My sister direct messages me a meme: “Instagram banned me for life because I kept posting on everyone’s pictures, ‘yeah, but are you happy?’” “I’m tempted to start doing this,” she laughs. “Seriously!” I exclaim in return.
That night, I think about it. I think about every picture I’ve posted while I’ve been abroad, about blogs and memes and social media and resumes and professional paths and success and law firms and grades and internships and working hard and sleeping harder, and I ask myself, ‘Yeah, but are you happy?’ As someone who struggles with perpetual dissatisfaction – mostly with myself – I struggle to ask myself that. I feel happiness often, love often, joy often, even, and fulfillment at least once a month. But am I happy?
What am I supposed to be happy with? Myself? My friends? My surroundings?
That morning, I left my house in a sun shower, but it was a cold sun shower, so my hands were red as I biked, with the ice feeling of rain and wind, in the odd spring. Then, as I reached the small path that twists between two horse farms, the rain stopped, and there was so much blue, green, and yellow around me, between the sky, the flowers, and the trees with their new leaves that I felt overwhelmed. Mostly, I felt overwhelmed that this one of the last of these bike rides.
To say goodbye that same day, my judge takes me to lunch with our legal team, and we sit for two hours in a small dim sum restaurant near the beach talking about how kids learn languages and how we ended up here, who our parents are, and what the weather is like in Manila in May. Someone brings up something about electronic filings, and my supervisor talks about how they pick a jury in the U.S., and the judge tells us about a movie he’s seen recently, and I thank them both for the experience and the judge for lunch, and we’re driving back to the Court in the mid-afternoon, and I’m happy.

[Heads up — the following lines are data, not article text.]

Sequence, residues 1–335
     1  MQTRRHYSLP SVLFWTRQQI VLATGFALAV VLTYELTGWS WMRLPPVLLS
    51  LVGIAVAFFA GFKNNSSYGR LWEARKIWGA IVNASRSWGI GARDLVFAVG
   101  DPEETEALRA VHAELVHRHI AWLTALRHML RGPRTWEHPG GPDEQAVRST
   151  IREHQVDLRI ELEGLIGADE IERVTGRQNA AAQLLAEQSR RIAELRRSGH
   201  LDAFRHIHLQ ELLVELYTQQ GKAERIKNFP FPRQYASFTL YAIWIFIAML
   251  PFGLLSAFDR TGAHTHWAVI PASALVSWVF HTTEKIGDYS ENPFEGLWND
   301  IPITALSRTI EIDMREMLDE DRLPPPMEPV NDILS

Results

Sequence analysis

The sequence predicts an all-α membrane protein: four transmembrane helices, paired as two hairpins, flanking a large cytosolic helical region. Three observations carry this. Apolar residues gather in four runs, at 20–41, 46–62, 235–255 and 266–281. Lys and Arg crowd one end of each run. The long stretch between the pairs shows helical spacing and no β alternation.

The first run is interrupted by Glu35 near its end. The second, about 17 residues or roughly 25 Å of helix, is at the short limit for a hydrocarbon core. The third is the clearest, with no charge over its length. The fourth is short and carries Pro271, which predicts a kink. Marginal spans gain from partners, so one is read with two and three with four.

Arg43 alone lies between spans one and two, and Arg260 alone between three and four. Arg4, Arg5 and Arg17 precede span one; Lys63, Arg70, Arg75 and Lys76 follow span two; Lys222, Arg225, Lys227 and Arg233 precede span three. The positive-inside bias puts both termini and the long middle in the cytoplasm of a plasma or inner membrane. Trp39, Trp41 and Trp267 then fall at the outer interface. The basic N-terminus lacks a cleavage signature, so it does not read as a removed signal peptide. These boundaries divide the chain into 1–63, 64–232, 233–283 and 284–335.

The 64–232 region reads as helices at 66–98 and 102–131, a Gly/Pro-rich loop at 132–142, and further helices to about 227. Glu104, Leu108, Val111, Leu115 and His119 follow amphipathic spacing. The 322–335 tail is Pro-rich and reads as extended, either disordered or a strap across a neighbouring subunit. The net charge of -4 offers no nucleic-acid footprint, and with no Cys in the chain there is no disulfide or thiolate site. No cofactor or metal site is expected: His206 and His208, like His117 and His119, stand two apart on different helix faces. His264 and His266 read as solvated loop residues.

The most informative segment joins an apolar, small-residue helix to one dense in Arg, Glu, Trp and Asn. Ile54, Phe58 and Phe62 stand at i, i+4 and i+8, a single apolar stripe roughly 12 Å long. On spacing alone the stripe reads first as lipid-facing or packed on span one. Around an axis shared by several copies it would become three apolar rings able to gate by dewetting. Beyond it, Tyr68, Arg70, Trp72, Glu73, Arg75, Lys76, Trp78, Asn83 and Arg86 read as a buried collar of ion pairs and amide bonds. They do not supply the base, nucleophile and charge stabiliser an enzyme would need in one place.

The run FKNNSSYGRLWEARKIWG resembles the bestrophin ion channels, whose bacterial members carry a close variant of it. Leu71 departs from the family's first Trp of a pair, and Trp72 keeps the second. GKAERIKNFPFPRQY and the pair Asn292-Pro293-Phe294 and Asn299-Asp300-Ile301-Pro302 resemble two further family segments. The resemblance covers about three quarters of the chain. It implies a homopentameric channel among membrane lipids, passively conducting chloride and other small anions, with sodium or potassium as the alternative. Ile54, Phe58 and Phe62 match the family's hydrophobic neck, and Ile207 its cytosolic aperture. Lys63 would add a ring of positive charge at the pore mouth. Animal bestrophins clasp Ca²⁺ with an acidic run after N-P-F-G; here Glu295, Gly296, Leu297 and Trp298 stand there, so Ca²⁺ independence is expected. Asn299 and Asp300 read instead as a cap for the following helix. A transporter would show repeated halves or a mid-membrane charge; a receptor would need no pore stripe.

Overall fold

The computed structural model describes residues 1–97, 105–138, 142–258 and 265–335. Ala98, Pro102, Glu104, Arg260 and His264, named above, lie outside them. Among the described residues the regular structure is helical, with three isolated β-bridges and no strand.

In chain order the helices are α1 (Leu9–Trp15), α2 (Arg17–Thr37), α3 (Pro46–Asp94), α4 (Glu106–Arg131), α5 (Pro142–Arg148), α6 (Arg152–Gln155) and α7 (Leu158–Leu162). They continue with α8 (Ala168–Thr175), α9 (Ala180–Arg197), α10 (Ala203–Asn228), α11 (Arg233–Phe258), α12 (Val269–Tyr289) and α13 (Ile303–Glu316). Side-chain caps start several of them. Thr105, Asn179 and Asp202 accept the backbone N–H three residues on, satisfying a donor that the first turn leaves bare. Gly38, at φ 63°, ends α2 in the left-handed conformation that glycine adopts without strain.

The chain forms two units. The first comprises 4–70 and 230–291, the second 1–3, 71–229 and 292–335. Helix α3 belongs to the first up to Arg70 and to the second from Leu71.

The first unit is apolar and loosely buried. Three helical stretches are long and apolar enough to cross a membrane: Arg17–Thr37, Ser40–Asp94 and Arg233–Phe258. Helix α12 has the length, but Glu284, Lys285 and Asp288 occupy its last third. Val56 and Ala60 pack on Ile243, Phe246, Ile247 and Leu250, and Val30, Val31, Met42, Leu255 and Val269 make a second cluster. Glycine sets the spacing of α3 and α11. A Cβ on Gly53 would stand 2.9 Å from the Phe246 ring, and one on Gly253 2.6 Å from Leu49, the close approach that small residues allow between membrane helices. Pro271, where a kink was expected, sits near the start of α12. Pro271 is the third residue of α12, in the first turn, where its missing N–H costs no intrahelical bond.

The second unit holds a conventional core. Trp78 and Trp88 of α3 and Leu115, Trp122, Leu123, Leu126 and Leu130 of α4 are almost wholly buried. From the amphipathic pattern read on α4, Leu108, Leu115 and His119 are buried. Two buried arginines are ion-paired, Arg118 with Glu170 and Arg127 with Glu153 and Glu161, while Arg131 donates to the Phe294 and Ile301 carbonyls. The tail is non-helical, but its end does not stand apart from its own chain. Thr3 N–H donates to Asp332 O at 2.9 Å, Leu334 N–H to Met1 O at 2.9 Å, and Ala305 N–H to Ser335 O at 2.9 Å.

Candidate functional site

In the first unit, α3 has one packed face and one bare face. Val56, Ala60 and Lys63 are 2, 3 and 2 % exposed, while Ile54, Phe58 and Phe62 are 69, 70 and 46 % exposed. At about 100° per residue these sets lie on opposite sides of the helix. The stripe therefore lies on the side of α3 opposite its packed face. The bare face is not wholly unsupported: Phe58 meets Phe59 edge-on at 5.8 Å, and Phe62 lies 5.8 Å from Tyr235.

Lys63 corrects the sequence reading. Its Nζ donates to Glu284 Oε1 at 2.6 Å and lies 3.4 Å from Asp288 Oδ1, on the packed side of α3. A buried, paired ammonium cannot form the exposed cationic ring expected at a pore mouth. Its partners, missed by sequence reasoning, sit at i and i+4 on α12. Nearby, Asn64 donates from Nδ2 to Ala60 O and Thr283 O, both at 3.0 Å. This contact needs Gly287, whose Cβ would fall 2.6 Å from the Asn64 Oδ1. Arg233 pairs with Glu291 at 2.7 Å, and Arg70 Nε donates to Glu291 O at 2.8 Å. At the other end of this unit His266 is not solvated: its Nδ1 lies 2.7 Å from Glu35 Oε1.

I’m always happy at the end, like I’m relieved I made it through without messing up terribly but destroyed that I can’t keep being good at this: the bike rides to work, the nights on the beach on the North Sea with my friends talking about the Arab Spring and Tinder and human rights and Dutch guys, the days at the court writing long memos or buying cappuccinos in the coffee corner where the interns gather at the long tables in the sun by the windows to talk about their joys and their hangovers, my Saturdays at the library, the rituals I’ve learned to fit into my days: Facetiming my parents on Sunday nights and stopping at Albert Heijn on Wednesdays when I’m out of groceries, my landlady greeting me in French when I get home and my friends Nikki and Maryam texting me when I’m doing laundry or writing a paper to ask me to bike to random café and sit out. I never realize anything is the last time until it is, because suddenly it’s my second to last week, and soon, I won’t make it to another trivia night on Thursday.
But when I first got here, I was thinking about how the shitty bars here are the same as shitty bars everywhere else, when I was at a dive called “The Thai Princess,” a cash-only karaoke bar with neon lights, and I was homesick. But it’s not true. The shitty bars here are not the same everywhere, and I’m wanting another chance to keep on living life like it is, with another picnic on a Sunday in the forest at Clingendael.
So I’m wondering if the key to happiness is to leave the things I love, if maybe the feeling is only real when it’s gone. Like people always say, “Tell the people you love that you love them while you still can,” but it feels weird to walk around saying “I love you” to everyone and everything that I love because I love so much, so I don’t. Or I forget to. Or I only want to fight the feeling, anyway, and the feeling of the absence of fighting the feeling of falling in love is the only way to know that I did.
I lived for three and a half months thinking about all the things I didn’t exactly love about the Netherlands, until I felt like I was at home, and maybe “home” only starts to feel that way, anywhere in the world, after I pick it apart, criticize its faults, curl into its imperfections, and still find comfort. Love doesn’t always feel like happiness. Sometimes it feels like cold hands in an icy spring sun shower, and lonely, like a bad karaoke bar with people I barely know but soon maybe I will know. And maybe I still need it, love, so in the end, when I have to leave, it feels like happiness but also sadness because I learned that I was happy after it was over. But I couldn’t have learned that before then and that’s the paradox of loving and living.
It never feels as good as it does when I can’t have it anymore.